World Bank chief calls for ending extreme poverty by 2030

Tue Apr 2, 2013 12:14pm EDT
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By Lesley Wroughton

WASHINGTON (Reuters) - World Bank President Jim Yong Kim called for a commitment by the international community on Tuesday to end extreme poverty by 2030 and to improve the lives of the most vulnerable people living in developing countries.

To reach that goal, Kim said the world need to reduce the number of people living below the poverty line of $1.25 per day to 3 percent globally by 2030, and raise the per capita incomes of the bottom 40 percent of every developing country.

The 3 percent level is a new target for the World Bank, which estimated in 2010 that 21 percent of the global population, or 1.2 billion people, lived extreme poverty.

Some World Bank estimates have put the 3 percent target at about 600 million people living below the poverty line by 2030.

The goal will help guide the World Bank's poverty-fighting mission by allowing it to prioritize development projects, Kim said.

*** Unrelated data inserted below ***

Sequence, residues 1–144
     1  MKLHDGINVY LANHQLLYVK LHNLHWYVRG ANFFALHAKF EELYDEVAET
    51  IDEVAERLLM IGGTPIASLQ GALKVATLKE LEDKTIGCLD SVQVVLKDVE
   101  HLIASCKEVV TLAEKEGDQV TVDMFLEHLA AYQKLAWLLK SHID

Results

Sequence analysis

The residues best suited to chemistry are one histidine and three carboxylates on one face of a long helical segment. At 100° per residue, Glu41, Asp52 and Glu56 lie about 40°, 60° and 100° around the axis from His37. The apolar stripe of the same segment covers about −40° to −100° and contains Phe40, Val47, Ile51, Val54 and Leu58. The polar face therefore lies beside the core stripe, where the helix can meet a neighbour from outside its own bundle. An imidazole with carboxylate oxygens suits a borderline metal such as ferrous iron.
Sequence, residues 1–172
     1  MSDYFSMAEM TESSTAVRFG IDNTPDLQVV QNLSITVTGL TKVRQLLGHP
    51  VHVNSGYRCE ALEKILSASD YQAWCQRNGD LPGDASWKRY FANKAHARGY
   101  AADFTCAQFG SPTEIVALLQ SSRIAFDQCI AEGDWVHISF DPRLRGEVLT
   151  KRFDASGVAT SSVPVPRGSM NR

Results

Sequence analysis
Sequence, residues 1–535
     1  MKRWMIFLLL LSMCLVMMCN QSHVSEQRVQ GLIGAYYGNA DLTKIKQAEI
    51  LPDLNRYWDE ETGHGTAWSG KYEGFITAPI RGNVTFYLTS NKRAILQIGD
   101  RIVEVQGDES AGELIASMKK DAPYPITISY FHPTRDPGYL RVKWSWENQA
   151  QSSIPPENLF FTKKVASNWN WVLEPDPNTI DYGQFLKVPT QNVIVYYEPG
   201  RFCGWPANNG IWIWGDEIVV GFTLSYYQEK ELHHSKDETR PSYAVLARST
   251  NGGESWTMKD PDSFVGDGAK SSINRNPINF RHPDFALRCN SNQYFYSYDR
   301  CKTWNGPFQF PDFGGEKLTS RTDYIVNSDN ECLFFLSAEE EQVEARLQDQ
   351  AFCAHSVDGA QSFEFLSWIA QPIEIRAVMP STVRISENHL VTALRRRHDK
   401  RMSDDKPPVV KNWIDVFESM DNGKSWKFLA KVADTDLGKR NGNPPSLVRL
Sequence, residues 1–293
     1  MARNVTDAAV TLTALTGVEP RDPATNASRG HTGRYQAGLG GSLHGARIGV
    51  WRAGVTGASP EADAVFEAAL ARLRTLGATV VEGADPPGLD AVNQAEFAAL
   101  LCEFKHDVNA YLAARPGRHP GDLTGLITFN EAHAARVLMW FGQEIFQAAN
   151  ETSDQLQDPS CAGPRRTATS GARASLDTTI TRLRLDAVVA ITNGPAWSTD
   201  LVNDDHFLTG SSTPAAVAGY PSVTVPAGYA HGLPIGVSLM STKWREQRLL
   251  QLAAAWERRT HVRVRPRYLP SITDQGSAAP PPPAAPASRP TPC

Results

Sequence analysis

"Now is the time to commit to ending extreme poverty," he said in a speech before meetings of the World Bank and International Monetary Fund on April 19 and 20 in Washington.

"We are at an auspicious moment in history, when the successes of past decades and an increasingly favorable economic outlook combine to give developing countries a chance - for the first time ever - to end extreme poverty within a generation," he added.

The World Bank's board will consider a new country strategy for India next week that aimed to reduce poverty by an additional 300 million over the next several years. An estimated 50 million people were lifted out of poverty in India over the past five years.   Continued...

World Bank President Jim Yong Kim attends a news conference in New Delhi March 13, 2013. REUTERS/B Mathur